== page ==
The episode follows Dennis and Shurrie back and forth between an undetermined “THEN” that could be one or two years in the past, and “NOW.” The “THEN” is peppered with heavy foreshadowing, starting with a studious and focused Shurrie telling another girl on the bus she’s destined to end up with a locked-up baby daddy before getting distracted by Dennis while trying to study at the house. When Divine gets home, he tells Dennis that he and drug dealer Power (Marcus Callender) are no longer working together and appoints Dennis as his No. 2 man.

In the “NOW,” Dennis wonders out loud if Shurrie should be with someone more suited to a college-bound student...and if they should tell Bobby and Divine about their relationship. Her response? No, and “You crazy?”

Mama Linda (Erika Alexander) visits Divine (with her cream Dooney & Burke bag. Big shout out to costume designer Marci Rodgers; she is killing it.) and convinces him to take a plea deal for the sake of the entire family. Now, Dennis and Bobby have to get serious about coming back from losing all their inventory and cash in the stash house fire. This is no longer a case of holding things down for a minute until Divine comes back; this is a long-term situation. It’s on them. And Christmas is coming.

While cutting through Manhattan’s Battery Park on his way to a job interview, Bobby has the realization that he and Dennis could move weight to all the financial cats there. There’s no heavy police presence and no competing factions. Shotgun’s coworker Erika hooks them up with some rolls of film to sell on the streets for cash (we’re guessing in exchange for a weed connect once they get the product). They get their dough, get a skimpy bag of product, cut it with some tea leaves (figuring the target consumer won’t know the difference), and they’re in business.

At home, Dennis is trying to keep things together as his mom is falling apart. He takes his brothers to the neighborhood babysitter Ms. Gloria (there was always a neighborhood babysitter yelling at kids to “get out of the street” and stuffing money in her bra. Amen), cleans up the house, and even adds some holiday cheer. He gives his mom space for a little pampering, complete with a box of Calgon; something it’s obvious she doesn’t get often. His obvious pride in being able to help her out and give her some joy is heartwarming and heartbreaking at the same time.

In another “THEN” flashback, Dennis is itching to get at Power, but Divine orders him to stand down, insisting there’s no beef between the two - just business. The series opened with Power ordering a hit on Dennis and he was later behind the fire at the stash house, so we know there’s more backstory coming to fill in the gap between time periods. Dennis promises he won’t touch Power and robs his parents’ business instead. In the process, he realizes that Power is a college graduate who grew up in a stable family - most importantly, with a father. This stays with him. Meanwhile, while he’s working with Divine, he and Shurrie are building a romance through furtive glances and little moments of tenderness, like Dennis scraping his plate instead of just dropping it in the sink for Shurrie to wash like her brothers. Acts of Service is apparently Dennis’ love language.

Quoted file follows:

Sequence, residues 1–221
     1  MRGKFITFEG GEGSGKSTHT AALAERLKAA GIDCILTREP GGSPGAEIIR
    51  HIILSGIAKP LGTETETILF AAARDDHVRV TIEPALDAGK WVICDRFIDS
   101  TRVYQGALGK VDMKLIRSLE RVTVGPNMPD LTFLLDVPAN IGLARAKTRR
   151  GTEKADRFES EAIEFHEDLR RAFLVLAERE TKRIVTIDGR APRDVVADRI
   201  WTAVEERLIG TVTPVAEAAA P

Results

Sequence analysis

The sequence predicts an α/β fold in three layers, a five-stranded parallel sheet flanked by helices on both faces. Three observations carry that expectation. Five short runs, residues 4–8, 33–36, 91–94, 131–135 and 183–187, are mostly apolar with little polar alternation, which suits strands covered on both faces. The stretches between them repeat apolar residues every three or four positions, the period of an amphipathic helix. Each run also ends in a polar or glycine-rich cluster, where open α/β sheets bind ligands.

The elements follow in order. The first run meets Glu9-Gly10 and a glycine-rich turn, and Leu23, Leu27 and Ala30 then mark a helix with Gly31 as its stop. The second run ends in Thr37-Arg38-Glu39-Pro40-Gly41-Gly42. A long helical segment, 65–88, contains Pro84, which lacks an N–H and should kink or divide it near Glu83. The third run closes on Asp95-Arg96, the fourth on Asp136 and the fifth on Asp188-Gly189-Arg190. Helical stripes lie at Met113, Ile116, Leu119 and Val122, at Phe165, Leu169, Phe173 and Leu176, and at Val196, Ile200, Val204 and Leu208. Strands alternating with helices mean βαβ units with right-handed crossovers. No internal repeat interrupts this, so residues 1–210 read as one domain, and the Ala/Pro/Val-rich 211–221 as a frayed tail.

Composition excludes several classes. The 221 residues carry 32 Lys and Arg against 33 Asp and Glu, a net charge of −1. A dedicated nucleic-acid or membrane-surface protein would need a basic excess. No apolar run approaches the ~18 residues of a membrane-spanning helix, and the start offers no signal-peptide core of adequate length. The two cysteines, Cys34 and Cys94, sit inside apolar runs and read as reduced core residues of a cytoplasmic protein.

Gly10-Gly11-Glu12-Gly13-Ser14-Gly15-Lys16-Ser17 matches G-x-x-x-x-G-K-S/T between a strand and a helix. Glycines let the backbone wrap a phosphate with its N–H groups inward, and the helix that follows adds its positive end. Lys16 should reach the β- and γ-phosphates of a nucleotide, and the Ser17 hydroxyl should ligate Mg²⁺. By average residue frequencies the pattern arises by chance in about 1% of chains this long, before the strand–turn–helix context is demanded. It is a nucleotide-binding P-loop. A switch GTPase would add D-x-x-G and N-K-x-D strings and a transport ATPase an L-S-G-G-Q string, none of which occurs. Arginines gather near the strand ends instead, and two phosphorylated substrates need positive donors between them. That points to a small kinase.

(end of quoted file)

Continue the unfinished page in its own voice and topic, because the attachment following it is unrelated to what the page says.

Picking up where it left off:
In another “NOW” scene, Ms. Linda’s street-savvy, hair-styling, fly girl sister Laurie (Diane Howard) surprises the family with a visit and blesses us with some outstanding lines. Can we form an actual Undependable Ni**a Association of America to officially keep a rating scale? Life would be easier.

Anyway, Aunt Laurie clocks the vibes between Shurrie and Dennis immediately. Later, when Shurrie answers a desperate emergency call from Dennis, Laurie cautions, “Go take care of your man, just make you take care of yourself, too. Alright?”

Working hand-to-hands in Battery Park, Rza takes a moment to sit with the chess elder (Anthony Chilsolm), and complain about the Five Percenters loud and incessant “teaching” messing with his focus (we feel you, Bobby, we feel you). Some of the future Wu members are already Five Percenters (Ason, Allah Justice, Sha), but the elder plants the seed for Bobby’s conversion when he translates the Islamic sect’s message to chess terms: “The world will tell the Black man he’s a pawn, a white man he’s king. But those gentlemen over there, they tell you that you’re the player and that you move the pieces. That you’re a God.” We can see the transformation of thought happening in Bobby’s mind. The convo immediately transitions to Bobby, Dennis, Ason and Gary/Allah Justice watching Shaolin vs Wu Tang for the umpteenth time. But now, Bobby is actually listening to the Shaolin monk’s dialogue (he’s woke!). He hops up, inspired, and starts working on what sounds like an early version of “Shimmy Shimmy Ya.” Ason jumps on, Bobby talks about arrangements to make it a crew cut, and Dennis decides to break out, “As long as my gun clap, I ain’t gotta rap.”